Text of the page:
Star Trek: The Next Generation – The Enemy [3.7]

Geordi is trapped on an inhospitable planet with only a suspicious and wounded Romulan for assistance.  Meanwhile, Worf refuses to undergo a medical procedure which would safe the life of another Romulan, because of his bitterness regarding the death of his family.  Picard struggles to rescue Geordi while also attempting to prevent the Romulan incursion into Federation space from leading into war.  In the end, he is able to do so, and Geordi and his Romulan colleague come to a mutual respect.

Written by David Kemper and Michael Piller. Directed by David Carson.

Previous Episode: Booby TrapNext Episode: The Price

Comments:
This is a great episode.  It’s the second one in a row to feature Geordi in a starring role, but is miles ahead of its predecessor.  (Frankly, any episode that doesn’t include the phrase “romance on the holodeck” is already starting off ahead of the game).  There are three interrelated plots that are skillfully woven together, and of course all flow from the same dramatic incident:  the discovery of a crashed Romulan ship on “our” side of the Neutral Zone.  Interestingly, we never actually find out what the Romulans were doing there, but it doesn’t really matter–we know that these guys are up to no good.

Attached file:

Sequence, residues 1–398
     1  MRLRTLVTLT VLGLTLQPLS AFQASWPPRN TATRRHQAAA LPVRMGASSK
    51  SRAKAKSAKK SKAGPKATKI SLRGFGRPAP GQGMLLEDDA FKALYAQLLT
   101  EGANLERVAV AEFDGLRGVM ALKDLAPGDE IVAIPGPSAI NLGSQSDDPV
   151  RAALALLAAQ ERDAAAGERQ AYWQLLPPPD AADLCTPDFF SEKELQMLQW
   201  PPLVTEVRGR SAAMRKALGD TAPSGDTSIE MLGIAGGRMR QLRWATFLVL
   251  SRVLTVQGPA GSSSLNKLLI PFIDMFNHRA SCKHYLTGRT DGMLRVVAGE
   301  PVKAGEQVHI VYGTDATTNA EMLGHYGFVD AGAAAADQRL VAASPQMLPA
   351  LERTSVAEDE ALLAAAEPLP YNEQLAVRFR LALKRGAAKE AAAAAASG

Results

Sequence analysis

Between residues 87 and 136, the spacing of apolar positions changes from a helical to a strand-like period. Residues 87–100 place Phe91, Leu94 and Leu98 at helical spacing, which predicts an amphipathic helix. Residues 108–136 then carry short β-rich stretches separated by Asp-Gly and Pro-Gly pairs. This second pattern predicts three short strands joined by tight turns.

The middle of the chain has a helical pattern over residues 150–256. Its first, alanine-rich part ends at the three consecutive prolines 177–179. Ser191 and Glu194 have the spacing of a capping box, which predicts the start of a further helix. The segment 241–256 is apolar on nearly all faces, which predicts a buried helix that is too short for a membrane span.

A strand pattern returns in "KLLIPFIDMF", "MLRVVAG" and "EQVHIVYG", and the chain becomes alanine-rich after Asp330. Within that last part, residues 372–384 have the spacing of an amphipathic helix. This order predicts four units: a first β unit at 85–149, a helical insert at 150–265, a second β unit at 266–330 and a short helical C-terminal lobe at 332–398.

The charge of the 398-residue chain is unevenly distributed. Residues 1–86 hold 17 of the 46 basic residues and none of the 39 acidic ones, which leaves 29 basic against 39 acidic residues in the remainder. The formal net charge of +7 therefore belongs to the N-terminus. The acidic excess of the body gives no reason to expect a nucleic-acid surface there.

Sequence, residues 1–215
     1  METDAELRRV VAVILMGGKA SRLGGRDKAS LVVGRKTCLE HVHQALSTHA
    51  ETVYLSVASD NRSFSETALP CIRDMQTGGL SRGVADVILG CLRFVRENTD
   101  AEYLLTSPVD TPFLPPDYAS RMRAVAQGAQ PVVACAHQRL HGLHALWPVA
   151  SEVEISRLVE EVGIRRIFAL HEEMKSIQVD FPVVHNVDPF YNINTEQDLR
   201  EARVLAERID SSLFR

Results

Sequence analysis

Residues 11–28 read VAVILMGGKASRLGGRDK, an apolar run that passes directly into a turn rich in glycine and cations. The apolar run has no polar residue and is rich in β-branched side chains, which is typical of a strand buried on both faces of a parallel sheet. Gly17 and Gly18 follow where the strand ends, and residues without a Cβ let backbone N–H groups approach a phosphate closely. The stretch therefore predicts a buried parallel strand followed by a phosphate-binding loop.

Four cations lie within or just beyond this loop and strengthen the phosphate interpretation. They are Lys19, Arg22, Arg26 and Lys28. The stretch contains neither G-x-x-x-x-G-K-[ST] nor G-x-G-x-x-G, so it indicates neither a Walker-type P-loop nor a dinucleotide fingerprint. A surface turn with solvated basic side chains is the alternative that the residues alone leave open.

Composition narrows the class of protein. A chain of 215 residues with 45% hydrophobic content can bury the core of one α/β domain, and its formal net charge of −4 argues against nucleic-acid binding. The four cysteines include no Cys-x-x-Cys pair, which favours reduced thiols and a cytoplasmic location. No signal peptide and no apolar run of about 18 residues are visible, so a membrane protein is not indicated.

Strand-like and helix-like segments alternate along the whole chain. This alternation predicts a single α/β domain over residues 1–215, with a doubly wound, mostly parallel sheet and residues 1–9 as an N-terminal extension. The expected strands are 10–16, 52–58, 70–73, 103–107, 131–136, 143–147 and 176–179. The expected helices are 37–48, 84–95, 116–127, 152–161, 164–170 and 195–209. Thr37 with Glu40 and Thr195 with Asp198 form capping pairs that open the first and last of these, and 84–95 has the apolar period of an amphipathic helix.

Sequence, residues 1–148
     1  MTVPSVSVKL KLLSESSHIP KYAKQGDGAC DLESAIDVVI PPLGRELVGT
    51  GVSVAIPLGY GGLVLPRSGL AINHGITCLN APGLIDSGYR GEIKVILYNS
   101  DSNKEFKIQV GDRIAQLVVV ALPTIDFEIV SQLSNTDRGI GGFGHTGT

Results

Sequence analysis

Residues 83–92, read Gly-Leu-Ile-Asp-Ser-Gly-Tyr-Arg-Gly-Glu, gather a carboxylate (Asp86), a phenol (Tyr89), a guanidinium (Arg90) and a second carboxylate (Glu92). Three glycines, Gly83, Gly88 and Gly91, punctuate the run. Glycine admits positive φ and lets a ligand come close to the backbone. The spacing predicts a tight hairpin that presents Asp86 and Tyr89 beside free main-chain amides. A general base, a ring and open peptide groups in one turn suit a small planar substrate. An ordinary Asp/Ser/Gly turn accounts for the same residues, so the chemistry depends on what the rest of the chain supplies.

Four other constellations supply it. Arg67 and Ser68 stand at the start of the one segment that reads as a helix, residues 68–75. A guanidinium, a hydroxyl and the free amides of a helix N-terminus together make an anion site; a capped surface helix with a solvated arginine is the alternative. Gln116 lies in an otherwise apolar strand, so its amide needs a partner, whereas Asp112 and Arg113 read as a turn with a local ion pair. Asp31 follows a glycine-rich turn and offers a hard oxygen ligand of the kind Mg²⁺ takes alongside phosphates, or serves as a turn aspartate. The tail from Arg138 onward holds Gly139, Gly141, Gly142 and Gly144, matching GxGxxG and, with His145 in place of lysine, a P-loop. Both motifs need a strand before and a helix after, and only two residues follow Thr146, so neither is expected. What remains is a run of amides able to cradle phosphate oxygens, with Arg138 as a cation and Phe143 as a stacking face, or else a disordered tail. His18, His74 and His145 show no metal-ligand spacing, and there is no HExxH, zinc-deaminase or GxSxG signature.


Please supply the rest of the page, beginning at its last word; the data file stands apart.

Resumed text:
The Enemy is far and away the best Romulan story that Next Generation has had so far.  Of course, a lot of that is because of the excellent writing and directing.  But a big part of it is thanks to Andreas Katsulas as Commander Tomalok.  Often some of the most tedious performances in this series are the “faces on the screens”.  Just go watch The Neutral Zone for an example of this.  It’s not that all these guys are bad actors – I think it’s just hard to bring the drama to life when all you’ve got is one camera angle and probably no actors to work with.  But Katsulas gives Tomalok a lot of life, and makes you want to see that guy again.  He does show up, but I don’t really remember much about his other appearances.  So we’ll see.